Friday, July 15, 2005

A Minnetonka History Mystery

Minnetonka Mills is the first "European"community settled by Lake Minnetonka in 1852. A Saw Mill and a dam. It is difficult to call it a "European" settlement, since many of the settlers were French Canadian lumbermen of considerable New World lineage-(Perhaps I should just say it was the first white settlement).
That said, it is written in many Minnesota Historical Society documents, web pages, and the MHS is often cited stating that the Lake was discovered by French trappers in 1760, and then re-discovered by Will Snelling in 1822. OK, I'll go along with that for now.
Then they say that it was 're-discovered' again in 1851 and the "Traverse de Sioux and Mendota Treaties" were signed opening the area up for the first time to white settlers in 1851.
My question is this: When I explored the Oak Hill Cemetary/Excelsior I saw and photographed Tombstones with death dates noted as 1852, 1853. Some stones that appeared much older were unreadable. How could the lake just have been re-discovered in 1851? Exceslsior was establihed as the attached photo notes in 1852. The time line is just too short. I would not get too concerned, but the oft quoted Minnesota Historical Society documents make a big deal of how the Lake was "lost" to white man until it was rediscovered in 1851.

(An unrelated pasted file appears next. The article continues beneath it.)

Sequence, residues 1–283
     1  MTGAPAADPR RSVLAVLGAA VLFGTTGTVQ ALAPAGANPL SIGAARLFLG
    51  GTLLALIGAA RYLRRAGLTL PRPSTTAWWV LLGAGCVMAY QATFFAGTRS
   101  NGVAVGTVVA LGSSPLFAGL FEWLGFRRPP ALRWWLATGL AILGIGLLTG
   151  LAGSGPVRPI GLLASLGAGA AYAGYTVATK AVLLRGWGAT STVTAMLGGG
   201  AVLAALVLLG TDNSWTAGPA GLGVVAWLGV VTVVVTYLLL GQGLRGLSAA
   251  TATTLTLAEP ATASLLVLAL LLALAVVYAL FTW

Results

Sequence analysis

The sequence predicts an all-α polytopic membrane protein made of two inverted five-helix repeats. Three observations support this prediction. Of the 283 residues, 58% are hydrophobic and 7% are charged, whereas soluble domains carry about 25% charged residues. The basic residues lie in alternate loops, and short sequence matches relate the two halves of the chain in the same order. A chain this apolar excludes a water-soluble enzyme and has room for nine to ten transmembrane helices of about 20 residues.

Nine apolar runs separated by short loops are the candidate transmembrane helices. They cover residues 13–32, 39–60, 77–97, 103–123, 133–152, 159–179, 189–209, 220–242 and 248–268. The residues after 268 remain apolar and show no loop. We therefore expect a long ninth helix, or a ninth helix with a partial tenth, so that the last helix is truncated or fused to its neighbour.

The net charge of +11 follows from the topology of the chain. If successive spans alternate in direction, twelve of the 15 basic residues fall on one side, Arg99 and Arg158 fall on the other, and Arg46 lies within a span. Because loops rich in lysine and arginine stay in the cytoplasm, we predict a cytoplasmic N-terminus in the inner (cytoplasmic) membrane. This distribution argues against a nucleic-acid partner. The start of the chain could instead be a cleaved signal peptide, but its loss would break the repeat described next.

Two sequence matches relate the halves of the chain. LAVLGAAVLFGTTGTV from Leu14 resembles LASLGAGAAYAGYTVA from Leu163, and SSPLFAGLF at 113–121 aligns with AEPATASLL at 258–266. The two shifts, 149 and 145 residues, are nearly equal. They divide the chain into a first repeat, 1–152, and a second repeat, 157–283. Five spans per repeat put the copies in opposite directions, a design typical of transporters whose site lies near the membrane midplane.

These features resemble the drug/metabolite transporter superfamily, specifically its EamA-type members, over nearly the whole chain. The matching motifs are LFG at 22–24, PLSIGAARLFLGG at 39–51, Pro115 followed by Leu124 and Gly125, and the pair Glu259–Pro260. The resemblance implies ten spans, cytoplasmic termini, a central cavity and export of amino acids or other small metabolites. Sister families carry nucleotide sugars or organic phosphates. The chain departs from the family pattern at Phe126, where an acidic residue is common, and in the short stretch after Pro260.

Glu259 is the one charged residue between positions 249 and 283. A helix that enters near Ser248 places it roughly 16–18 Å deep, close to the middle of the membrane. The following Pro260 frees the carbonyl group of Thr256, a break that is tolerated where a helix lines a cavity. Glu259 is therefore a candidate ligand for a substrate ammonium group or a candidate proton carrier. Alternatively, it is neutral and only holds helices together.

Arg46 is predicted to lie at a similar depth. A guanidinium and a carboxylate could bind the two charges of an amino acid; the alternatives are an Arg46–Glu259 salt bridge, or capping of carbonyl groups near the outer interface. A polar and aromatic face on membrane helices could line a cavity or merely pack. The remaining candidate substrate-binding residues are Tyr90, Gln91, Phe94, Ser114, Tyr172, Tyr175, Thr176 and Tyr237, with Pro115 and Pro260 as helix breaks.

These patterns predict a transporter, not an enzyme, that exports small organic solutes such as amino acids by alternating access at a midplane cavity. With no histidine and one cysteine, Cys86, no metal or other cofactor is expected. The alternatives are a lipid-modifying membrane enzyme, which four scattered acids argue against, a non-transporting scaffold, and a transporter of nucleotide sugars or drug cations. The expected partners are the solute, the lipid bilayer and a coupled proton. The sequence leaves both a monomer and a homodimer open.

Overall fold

One thing that was lost by white men was the sacred "spirit rock' of the Lakota and Dakota - but that is a whole different and sordid story.

One really can see the Lakes main artery in action while watching boats navigate the long narrows into Lafayette Bay from Carmen Bay. The photo is just one brief shot, I didn't stay long, the Temperature was 95 degrees, humid and sunny.

Finally a group of friends and I plan an excursion next Saturday to Biella's in Excelsior (Piedmont Region cuisine, I believe). Perhaps I can feature some of our culinary delights on this blog. The photo shown was taken while it was closed on Sunday morning.


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